Liverpool FC agree American takeover

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Liverpool have agreed to an offer from American tycoons George Gillett and Tom Hicks to buy the club.

A statement was made to the Stock Exchange stating they have agreed the terms "of a recommended cash offer" to be made by Kop Football Limited, the American pair's bid vehicle.

The statement read: "The offer is £5,000 in cash for each Liverpool Share, valuing the issued share capital of Liverpool at approximately £174.1million.

"Together with the £44.8million of net debt in the club as at December 31 2006, this represents an enterprise value for Liverpool of £218.9 million."

The statement revealed the board "unanimously recommends" that shareholders accept the offer.

"Kop is an English private limited company, which has been incorporated for the specific purpose of making the offer and which is ultimately jointly controlled by Mr George Gillett jnr and Mr Thomas O Hicks.

"The board of Liverpool... considers the terms of the Offer to be fair and reasonable.

"The board of Liverpool unanimously recommends that Liverpool Shareholders accept the offer."

The club's board also revealed key factors in their decision to accept the proposal.

"Kop has indicated its intention to build, as soon as reasonably practicable, the proposed new 60,000 seat stadium at Stanley Park for which the club has already received planning permission and to facilitate the financing of its construction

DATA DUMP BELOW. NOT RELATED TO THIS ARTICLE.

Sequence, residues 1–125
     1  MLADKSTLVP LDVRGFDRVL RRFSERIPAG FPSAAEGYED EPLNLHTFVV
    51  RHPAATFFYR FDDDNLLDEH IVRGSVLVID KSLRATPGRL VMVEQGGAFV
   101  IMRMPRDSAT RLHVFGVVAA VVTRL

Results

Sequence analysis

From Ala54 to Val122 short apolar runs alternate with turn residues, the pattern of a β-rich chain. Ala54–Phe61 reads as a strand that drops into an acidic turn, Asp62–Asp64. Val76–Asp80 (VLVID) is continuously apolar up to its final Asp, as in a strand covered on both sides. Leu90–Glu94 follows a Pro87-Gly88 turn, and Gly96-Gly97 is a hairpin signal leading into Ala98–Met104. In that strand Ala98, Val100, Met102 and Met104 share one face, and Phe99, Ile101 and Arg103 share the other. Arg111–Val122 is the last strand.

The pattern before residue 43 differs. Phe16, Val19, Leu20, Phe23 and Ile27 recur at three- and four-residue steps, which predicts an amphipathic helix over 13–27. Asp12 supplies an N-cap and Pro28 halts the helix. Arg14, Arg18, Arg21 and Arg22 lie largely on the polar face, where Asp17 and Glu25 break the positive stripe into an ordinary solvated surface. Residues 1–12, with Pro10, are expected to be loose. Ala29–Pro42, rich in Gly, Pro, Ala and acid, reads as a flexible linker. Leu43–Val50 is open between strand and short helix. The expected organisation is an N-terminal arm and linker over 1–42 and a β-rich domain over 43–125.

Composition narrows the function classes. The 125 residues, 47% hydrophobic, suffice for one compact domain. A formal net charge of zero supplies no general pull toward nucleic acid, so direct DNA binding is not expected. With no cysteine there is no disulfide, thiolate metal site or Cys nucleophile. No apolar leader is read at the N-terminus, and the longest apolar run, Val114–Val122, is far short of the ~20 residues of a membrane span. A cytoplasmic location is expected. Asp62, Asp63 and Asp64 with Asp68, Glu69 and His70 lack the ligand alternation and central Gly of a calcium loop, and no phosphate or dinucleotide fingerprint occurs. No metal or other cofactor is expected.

"Kop has indicated that it is committed to an annual budget for player transfers and is able to supplement this should Liverpool's management and Kop agree additional funds are required.

"Kop is supportive of both the current executives and the football team management at Liverpool to provide stability to the club."

Reds chairman David Moores, who revealed he will become honorary life president, said: "I believe this is a great step forward for Liverpool, its shareholders and its fans.

"This club is my passion and forms a huge part of my life. After much careful consideration, I have agreed to sell my shares to assist in securing the investment needed for the new stadium and for the playing squad.

"I urge all my fellow shareholders to do the same and to support the offer. By doing so, I believe you will be backing the successful future of Liverpool Football Club.

"I am also delighted to accept the offer from the Hicks and Gillett families to continue my involvement in the club by becoming honorary life president."

Gillett and Hicks, who both own NHL teams, were expected to make an announcement after further progress was made on their £470million takeover offer yesterday.

Hicks, who also owns the Texas Rangers baseball team, joined forces with Gillett to gazump rival bidders Dubai International Capital last week.

A statement from the duo said: "Liverpool is a fantastic club with a remarkable history and a passionate fanbase.

"We fully acknowledge and appreciate the unique heritage and rich history of Liverpool and intend to respect this heritage in the future. The Hicks family and the Gillett family are extremely excited about continuing the club's legacy and tradition."

Arrangements over the future of Liverpool's new stadium appear to have clinched the deal. Not only has Hicks built up a reputation for developing state-of-the-art stadia for his teams, but the duo have now guaranteed that Liverpool's new Stanley Park ground would not be shared with other teams.

In Gillett's original approach, when he was considering a solo takeover, he had indicated he wanted a ground-share arrangement to cut costs and maximise income.

Hicks and Gillett will split the £470million cost of taking over the club on a 50-50 basis, with around £255million going to buy the shareholding and take over the £80million debt, and a further £215million on the stadium.

The takeover means Liverpool, Manchester United and Aston Villa will all be in American hands.

Malcolm Glazer, owner of American football's (NFL) Tampa Bay Buccaneers, owns United and Randy Lerner, owner of NFL's Cleveland Browns, bought Aston Villa last year.